|Final Statistics: Alex & Maz||Total distance: 93,550km|
|Furthest Point: Rotorua, NZ||Now settled in Sydney, Australia|
|Final Statistics: Martin||Total distance: 79,698km|
|Furthest Point: Hobart, Australia||Now settled in Bristol, UK|
Australia, Country 26, Diary entry 24th - 27th Jan 2007, Total distance in Australia: 19,637km
And so we emerged from the red rust dirt road and glided onto tarmac once more, somewhat relieved that Tinfish had not joined the many abandoned vehicles that we'd past on the 1055km of nothingness that is the Great Central Road. Ahead of us we looked forward to exploring the amazing attractions of the red centre... Kata Tjuta (aka The Olgas), Uluru (aka Ayers Rock) and Watarrka (Kings Canyon) National Park. Seeing as it was the middle of summer in the desert, it perhaps wasn't the best time to visit, although we hoped that would keep the crowds away too. Unusually, however they'd recently experienced a lot of rain, so the once dry desert was alive with flora fighting to make use of this ever so precious commodity.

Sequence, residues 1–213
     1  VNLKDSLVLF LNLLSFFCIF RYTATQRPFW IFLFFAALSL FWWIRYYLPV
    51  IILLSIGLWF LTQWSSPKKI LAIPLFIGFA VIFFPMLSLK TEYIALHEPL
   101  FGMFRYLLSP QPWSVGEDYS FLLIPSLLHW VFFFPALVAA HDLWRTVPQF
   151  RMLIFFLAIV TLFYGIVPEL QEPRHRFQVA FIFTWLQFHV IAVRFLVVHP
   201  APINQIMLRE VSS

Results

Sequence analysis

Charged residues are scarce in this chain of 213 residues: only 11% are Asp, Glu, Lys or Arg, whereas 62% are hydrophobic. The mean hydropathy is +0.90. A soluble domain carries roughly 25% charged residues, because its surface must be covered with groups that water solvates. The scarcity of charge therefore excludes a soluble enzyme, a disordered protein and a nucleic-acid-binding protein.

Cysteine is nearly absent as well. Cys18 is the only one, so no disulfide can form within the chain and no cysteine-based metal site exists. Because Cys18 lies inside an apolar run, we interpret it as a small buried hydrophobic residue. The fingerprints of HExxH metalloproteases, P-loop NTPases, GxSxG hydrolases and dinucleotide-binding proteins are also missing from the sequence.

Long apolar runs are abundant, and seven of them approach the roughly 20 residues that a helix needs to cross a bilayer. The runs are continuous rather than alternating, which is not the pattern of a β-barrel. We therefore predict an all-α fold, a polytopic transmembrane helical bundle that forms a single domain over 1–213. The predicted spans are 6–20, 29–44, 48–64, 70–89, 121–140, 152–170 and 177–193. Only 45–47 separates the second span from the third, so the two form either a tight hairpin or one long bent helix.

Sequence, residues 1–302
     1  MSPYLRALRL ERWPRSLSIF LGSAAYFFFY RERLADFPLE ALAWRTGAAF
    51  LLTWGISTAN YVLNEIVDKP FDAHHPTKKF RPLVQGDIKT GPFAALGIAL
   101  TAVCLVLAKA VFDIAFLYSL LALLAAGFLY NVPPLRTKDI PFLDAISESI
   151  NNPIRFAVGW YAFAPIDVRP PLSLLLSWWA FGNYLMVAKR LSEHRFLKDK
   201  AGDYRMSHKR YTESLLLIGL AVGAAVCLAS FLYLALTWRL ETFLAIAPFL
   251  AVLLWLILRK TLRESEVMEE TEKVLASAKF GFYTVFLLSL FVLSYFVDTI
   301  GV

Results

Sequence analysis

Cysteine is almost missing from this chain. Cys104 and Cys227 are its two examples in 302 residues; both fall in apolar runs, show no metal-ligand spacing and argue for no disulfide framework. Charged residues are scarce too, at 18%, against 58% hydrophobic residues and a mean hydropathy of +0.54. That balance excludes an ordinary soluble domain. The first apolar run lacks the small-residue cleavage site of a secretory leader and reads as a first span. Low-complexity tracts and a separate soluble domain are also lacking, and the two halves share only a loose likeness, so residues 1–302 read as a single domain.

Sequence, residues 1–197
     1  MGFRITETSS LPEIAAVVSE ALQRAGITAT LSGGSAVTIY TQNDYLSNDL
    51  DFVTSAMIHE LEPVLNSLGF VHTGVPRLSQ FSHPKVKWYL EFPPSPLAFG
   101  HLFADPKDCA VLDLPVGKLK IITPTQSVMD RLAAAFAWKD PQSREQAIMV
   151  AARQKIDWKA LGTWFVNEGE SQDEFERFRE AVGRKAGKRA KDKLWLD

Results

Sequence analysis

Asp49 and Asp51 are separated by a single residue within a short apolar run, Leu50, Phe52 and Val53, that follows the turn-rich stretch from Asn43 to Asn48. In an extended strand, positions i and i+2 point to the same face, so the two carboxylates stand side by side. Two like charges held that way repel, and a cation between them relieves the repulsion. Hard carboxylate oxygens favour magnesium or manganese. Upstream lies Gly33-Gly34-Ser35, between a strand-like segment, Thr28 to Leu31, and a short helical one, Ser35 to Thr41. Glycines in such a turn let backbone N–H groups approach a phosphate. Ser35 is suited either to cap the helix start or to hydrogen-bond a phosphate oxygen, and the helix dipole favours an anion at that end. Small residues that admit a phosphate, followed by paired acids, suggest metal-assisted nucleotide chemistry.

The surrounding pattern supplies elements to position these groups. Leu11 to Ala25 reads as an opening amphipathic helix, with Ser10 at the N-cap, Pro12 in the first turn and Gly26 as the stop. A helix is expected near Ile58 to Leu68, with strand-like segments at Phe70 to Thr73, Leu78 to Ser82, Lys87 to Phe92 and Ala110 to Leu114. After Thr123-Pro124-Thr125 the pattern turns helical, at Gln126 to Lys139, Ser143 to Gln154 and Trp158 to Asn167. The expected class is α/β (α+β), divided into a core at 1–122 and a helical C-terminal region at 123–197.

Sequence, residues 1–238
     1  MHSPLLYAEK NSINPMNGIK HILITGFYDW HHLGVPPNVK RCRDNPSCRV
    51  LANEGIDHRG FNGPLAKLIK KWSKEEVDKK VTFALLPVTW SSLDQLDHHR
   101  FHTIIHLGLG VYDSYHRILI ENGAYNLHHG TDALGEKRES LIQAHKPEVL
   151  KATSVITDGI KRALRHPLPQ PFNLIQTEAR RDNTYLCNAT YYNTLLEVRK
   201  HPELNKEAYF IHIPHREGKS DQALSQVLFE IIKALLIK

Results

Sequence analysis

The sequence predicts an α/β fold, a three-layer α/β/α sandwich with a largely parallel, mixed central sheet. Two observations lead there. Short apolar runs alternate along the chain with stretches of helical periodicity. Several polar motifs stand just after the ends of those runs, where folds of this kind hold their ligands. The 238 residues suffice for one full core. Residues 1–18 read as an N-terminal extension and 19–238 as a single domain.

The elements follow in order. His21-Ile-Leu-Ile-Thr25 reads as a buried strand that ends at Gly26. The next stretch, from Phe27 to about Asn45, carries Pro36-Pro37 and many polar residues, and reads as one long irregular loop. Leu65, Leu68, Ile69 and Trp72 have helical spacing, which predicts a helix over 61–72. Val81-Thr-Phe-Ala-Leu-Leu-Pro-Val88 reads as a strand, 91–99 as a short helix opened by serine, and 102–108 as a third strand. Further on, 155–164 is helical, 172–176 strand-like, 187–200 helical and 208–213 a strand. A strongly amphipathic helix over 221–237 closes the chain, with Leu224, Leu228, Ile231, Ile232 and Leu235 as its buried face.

After a much needed lunch break, we filled up our water packs and headed over to Kata Tjuta. Although slightly less well know as Uluru, Kata Tjuta meaning 'many heads', is no less impressive. A bizarre collection of 36 huge rounded rocks, the monoliths form an impressive scene and is of great Tjukurpa significance - a centre of Aboriginal law, religion and custom, so secret that only the initiated are allowed to know the full meaning. So for us tourists it was just another magnificent display of the weird and wonderful mother nature at work.